The Canadian team could also field a strong relay team. Along with Kershaw and Babikov, they have George Grey, who has scored consistent World Cup points this year and was 20th last weekend. Teams have not been announced, but it is likely that 20-year old Alex Harvey would fill the final spot on the team. Harvey is skiing fast and cracked the top 30 for the second time this season in Italy at the last World Cup. They would need exceptional performances from Grey and Harvey, but a top 5 relay performance is attainable.

The choice for the Team Sprint will be tough for Canada. Grey and Harvey teamed up to finish third in Whistler, and it would be reasonable event for Kershaw to skip.

Grey and Harvey also have top 20 potential in the other distance events, but have not yet shown they are capable of the top spots.

Top Canadian sprinter Chandra Crawford has missed the entire season due to injury and will not compete. She is the defending Olympic Champion in the freestyle sprint.

Nordic Combined


Nordic Combined represents the best chance for US medals. Billy Demong has cemented himself as one of the top skiers in the world over the last few years. IN the last World Cup leading up to these Championships, Demong won, marking him as a medal favorite. Demong has six podium finishes this season, including 3 victories. An extremely strong cross-country skier, his jumping has been improving steadily. Demong won silver in the last World Championships and has a good shot to improve on that performance.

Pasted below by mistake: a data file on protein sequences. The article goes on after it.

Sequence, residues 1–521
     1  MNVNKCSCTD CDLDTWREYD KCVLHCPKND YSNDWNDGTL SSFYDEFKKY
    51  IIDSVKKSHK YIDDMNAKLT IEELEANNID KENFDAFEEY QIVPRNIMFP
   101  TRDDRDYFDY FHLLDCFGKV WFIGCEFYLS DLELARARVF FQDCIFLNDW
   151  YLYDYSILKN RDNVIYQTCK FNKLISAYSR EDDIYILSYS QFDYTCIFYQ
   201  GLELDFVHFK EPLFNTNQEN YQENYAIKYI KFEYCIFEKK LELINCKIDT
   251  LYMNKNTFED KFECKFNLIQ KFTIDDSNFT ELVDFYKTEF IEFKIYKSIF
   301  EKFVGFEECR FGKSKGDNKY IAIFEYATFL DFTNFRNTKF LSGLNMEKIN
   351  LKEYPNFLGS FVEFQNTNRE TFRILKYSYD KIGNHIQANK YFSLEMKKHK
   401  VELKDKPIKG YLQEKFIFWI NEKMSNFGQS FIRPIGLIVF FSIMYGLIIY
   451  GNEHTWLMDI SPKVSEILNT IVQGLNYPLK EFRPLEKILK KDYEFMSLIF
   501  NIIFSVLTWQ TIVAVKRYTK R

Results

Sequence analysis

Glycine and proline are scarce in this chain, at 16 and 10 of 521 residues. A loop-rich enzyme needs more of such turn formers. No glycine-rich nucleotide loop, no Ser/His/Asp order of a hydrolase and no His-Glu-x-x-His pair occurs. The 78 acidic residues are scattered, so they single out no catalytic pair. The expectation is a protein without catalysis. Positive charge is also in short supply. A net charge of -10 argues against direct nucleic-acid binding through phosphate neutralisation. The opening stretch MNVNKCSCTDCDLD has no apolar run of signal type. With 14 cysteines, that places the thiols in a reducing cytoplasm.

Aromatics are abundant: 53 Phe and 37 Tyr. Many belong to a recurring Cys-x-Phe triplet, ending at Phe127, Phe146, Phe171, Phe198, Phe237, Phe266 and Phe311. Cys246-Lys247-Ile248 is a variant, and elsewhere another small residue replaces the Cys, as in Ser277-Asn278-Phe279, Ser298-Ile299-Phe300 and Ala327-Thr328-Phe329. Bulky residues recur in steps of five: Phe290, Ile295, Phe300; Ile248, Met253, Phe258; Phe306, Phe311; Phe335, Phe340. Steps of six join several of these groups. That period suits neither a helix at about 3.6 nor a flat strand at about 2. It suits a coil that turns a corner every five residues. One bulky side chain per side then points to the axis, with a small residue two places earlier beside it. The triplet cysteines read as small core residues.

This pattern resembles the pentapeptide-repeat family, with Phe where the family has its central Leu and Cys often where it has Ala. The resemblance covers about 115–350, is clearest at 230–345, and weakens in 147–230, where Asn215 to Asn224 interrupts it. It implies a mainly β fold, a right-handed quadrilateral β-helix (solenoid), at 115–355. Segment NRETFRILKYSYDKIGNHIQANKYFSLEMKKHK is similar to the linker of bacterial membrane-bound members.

Demong is not the only medal hopeful in Nordic Combined. Johnny Spillane, a Gold medalist in 2003 has four top 10 results this season and has consistently scored World Cup points.

With Eric Camerota posting a career best World Cup finish of 25th last weekend, and comeback kid Todd Lodwick racing in the top 10, the US looks extremely strong in the Team competition. If they jump well, they will be in position to fight for the gold.

Read a Nordic Combined Preview from Universal Sports


Canada has a very young and inexperienced Nordic Combined Team and if they are competing in Liberec, they will not be contesting for top spots.

Ski Jumping


The US women’s ski jumping team is extremely strong and should be in the thick of things for medals.


And what about everyone else? In women’s cross-country, Justyna Kowalczyk (POL) and Petra Majdic (SLO) are both in top form. Look for Majdic to win the individual sprint, and Kowalczyk to be contesting every race she enters. The Finnish duo of Aino Kaisa Saarinen and Virpi Kuitunen are also considered favorites, and the Finns will have a very strong relay team. Norweigan star Marit Bjoergen has not race the World Cup recently and will be an unknown entering the Championships. But as usual Norway is deep and strong. The Italian women have also been skiing well recently.

The men’s field is even harder to predict. Dario Cologna (SUI), leading the overall World Cup and the Tour de Ski winner has been a bit further back in the pack lately. Axel Teichmann should be a force, as will the Norweigans, Italians, Swedes, and just about everyone else. The men’s field is so tight that on any given day 30 different men have a shot at the victory. This will make for exciting races!

77 athletes from 18 countries will participate in the Nordic Combined.
79 athletes from 22 countries will participate in the Ski Jump men.
39 athletes from 13 countries will participate in the Ski Jump ladies.
155 athletes from 60 countries will participate in the Cross-country ladies.
236 athletes from 60 countries will participate in Cross-country men.
For the complete schedule and more information visit the event website at

To view a list of all previous World Championship Medal winners, use the links below:
Men XC
Women XC
Nordic Combined

Topher Sabot

Topher Sabot is the editor of FasterSkier.